SIXTH form students from Stanwell School in Penarth had a taste of science in action, when they visited Cardiff Medicentre.

Based in the grounds of the University of Wales Hospital, the Medicentre is a purpose-built incubator for promising early-stage life sciences companies.

The 23 students were given a tutorial in medical business innovation, and met a number of the tenants at the facility - such as Dr Chris Pepper, a Haematology expert and former pupil of St Cyres.

They also heard about some of the most successful businesses nurtured there, like laboratory testing company Tricho-Tech which was acquired for £11.25m, and the healthcare consultancy business Cardiff Research Consortium which was bought by outsourcing giant Capita Group plc for £11.6m.

Dr Mark Bowman, director of innovation at the Medicentre, said: "We were really keen to give these students an insight into how scientists can become successful business people.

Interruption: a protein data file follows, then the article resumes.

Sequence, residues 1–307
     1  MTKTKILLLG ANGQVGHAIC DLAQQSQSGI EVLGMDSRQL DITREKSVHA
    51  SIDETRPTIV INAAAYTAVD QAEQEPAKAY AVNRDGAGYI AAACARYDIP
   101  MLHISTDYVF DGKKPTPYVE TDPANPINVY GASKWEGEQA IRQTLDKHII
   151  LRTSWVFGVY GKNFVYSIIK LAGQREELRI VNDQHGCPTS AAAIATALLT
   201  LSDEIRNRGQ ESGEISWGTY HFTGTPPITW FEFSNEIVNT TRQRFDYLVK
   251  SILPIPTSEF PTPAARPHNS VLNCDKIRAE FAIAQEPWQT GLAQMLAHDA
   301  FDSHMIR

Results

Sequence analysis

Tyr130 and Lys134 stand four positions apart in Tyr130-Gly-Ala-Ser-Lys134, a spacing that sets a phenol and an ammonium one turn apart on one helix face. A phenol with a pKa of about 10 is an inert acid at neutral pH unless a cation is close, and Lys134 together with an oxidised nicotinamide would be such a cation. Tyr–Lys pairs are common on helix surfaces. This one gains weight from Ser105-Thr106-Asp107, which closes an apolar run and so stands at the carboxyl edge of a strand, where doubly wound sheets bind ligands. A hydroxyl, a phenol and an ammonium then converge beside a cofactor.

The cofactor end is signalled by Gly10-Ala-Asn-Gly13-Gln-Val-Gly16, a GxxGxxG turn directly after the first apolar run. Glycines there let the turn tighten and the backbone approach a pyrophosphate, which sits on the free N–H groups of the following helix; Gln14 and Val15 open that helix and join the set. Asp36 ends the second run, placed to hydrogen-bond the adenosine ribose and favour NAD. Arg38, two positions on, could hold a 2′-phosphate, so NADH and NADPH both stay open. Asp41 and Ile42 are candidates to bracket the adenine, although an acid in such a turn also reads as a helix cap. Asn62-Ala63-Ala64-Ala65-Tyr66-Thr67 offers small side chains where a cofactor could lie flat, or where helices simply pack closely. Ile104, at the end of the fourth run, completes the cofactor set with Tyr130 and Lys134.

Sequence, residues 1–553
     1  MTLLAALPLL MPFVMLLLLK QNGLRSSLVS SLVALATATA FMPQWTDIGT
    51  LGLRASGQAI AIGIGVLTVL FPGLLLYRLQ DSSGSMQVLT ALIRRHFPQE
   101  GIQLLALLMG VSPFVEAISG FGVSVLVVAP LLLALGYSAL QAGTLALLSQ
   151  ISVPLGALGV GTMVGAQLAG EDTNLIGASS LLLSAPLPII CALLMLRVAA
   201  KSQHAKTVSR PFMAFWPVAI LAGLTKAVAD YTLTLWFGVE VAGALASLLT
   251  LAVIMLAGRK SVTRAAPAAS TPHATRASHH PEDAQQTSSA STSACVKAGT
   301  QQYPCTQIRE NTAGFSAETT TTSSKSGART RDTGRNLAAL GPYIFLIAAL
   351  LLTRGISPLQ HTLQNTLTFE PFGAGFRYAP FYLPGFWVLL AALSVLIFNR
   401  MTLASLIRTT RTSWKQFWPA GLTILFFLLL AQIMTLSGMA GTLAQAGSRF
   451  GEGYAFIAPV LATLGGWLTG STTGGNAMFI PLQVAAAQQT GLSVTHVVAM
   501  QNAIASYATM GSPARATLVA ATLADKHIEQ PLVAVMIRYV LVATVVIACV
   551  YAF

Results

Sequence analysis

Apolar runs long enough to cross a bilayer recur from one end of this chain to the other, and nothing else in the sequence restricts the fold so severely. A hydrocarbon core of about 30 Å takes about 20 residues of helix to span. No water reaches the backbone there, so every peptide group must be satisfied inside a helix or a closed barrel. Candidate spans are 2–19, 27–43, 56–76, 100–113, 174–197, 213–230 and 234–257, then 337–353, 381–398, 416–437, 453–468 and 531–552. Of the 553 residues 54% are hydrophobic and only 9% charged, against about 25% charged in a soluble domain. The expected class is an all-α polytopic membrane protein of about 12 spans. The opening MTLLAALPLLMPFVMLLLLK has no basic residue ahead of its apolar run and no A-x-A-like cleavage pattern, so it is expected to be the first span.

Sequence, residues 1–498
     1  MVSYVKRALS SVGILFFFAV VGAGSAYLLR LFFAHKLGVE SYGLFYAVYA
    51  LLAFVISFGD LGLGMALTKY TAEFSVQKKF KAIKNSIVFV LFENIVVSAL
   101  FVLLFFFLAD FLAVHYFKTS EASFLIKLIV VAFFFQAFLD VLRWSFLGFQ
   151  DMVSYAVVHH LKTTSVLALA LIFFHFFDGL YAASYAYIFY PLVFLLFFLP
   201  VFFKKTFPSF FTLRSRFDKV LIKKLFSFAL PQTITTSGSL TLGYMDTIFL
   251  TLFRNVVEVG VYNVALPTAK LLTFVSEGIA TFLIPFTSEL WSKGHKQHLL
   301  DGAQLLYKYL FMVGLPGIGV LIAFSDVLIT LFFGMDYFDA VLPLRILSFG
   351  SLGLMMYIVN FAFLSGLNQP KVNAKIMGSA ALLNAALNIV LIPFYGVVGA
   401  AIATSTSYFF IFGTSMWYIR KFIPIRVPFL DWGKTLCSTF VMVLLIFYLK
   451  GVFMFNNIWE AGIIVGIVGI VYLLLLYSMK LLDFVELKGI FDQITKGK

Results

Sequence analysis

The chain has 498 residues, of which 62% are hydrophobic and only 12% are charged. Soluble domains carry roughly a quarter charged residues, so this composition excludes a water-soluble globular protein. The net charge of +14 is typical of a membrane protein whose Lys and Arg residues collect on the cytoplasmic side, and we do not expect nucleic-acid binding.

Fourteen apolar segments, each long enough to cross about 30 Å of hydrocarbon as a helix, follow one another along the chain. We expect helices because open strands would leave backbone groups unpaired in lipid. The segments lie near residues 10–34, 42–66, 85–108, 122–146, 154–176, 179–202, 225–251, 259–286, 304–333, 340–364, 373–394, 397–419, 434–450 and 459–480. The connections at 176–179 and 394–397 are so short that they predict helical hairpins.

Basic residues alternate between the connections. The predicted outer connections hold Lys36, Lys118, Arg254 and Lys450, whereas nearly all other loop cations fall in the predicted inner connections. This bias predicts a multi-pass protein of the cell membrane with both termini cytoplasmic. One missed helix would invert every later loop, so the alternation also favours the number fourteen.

"The life sciences sector contributes £1.3bn to the Welsh economy each year, employing 15,000 people and it’s a hugely exciting field in which to be involved.

"Interest in science subjects at school is on the up, with Stanwell reporting something of a science renaissance, and over the last couple of years it has introduced extra A-Level options in Human Biology as well as Applied Science, a more accessible science-based subject," he added.

"As the economy looks set to become increasingly reliant on small businesses like the ones based at Cardiff Medicentre, those co-ordinating the Young Innovators programme are hoping that these budding scientists from Stanwell will soon be running companies of their own."

Science teacher and head of year 12 at Stanwell, Matthew Gershenson, led the trip.

"It’s a good opportunity for them to see how the theory of what they learn in the classroom can be translated into practical and professional terms," he said.

"Hopefully it will inspire them and give them some idea of what is available out there."

Seventeen-year-old Madison Ramsden said the trip had opened her eyes to possible job options.

"The idea of starting your own company is a scary one, but there is nothing to say that the people who have companies here aren’t looking to employ young and enthusiastic individuals," she said.

"That is an encouraging thought."

Dr Bowman added:"With youth entrepreneurship now a key policy objective in Wales, we think we have given the students an appreciation of the hard work and dedication that is involved in setting up a new life sciences company, and of the opportunities these sorts of businesses can present."